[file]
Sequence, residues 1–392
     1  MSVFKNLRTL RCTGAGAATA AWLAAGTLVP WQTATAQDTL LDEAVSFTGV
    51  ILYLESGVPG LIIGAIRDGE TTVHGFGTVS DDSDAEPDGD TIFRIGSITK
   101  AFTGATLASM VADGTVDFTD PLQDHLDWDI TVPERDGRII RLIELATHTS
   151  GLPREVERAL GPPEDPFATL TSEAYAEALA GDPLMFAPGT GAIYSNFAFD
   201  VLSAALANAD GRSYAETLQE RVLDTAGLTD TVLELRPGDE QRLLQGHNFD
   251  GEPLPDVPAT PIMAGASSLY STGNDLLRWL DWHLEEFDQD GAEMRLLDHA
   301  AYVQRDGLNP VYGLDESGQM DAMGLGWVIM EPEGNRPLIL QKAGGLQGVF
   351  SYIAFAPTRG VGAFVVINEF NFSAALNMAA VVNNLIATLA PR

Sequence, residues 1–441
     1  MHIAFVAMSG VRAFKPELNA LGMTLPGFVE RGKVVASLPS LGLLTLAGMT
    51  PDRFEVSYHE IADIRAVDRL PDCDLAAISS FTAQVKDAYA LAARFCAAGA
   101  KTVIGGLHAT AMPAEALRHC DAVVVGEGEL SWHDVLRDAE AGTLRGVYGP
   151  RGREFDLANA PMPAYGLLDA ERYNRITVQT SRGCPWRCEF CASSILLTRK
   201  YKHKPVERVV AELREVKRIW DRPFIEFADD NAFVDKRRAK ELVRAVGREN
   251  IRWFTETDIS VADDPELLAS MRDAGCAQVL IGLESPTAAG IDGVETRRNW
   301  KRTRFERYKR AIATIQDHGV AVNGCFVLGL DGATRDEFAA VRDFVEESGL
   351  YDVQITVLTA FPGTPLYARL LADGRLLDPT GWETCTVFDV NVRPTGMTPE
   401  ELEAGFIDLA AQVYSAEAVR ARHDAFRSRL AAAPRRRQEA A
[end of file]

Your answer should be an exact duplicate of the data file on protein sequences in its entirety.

Sequence, residues 1–392
     1  MSVFKNLRTL RCTGAGAATA AWLAAGTLVP WQTATAQDTL LDEAVSFTGV
    51  ILYLESGVPG LIIGAIRDGE TTVHGFGTVS DDSDAEPDGD TIFRIGSITK
   101  AFTGATLASM VADGTVDFTD PLQDHLDWDI TVPERDGRII RLIELATHTS
   151  GLPREVERAL GPPEDPFATL TSEAYAEALA GDPLMFAPGT GAIYSNFAFD
   201  VLSAALANAD GRSYAETLQE RVLDTAGLTD TVLELRPGDE QRLLQGHNFD
   251  GEPLPDVPAT PIMAGASSLY STGNDLLRWL DWHLEEFDQD GAEMRLLDHA
   301  AYVQRDGLNP VYGLDESGQM DAMGLGWVIM EPEGNRPLIL QKAGGLQGVF
   351  SYIAFAPTRG VGAFVVINEF NFSAALNMAA VVNNLIATLA PR

Sequence, residues 1–441
     1  MHIAFVAMSG VRAFKPELNA LGMTLPGFVE RGKVVASLPS LGLLTLAGMT
    51  PDRFEVSYHE IADIRAVDRL PDCDLAAISS FTAQVKDAYA LAARFCAAGA
   101  KTVIGGLHAT AMPAEALRHC DAVVVGEGEL SWHDVLRDAE AGTLRGVYGP
   151  RGREFDLANA PMPAYGLLDA ERYNRITVQT SRGCPWRCEF CASSILLTRK
   201  YKHKPVERVV AELREVKRIW DRPFIEFADD NAFVDKRRAK ELVRAVGREN
   251  IRWFTETDIS VADDPELLAS MRDAGCAQVL IGLESPTAAG IDGVETRRNW
   301  KRTRFERYKR AIATIQDHGV AVNGCFVLGL DGATRDEFAA VRDFVEESGL
   351  YDVQITVLTA FPGTPLYARL LADGRLLDPT GWETCTVFDV NVRPTGMTPE
   401  ELEAGFIDLA AQVYSAEAVR ARHDAFRSRL AAAPRRRQEA A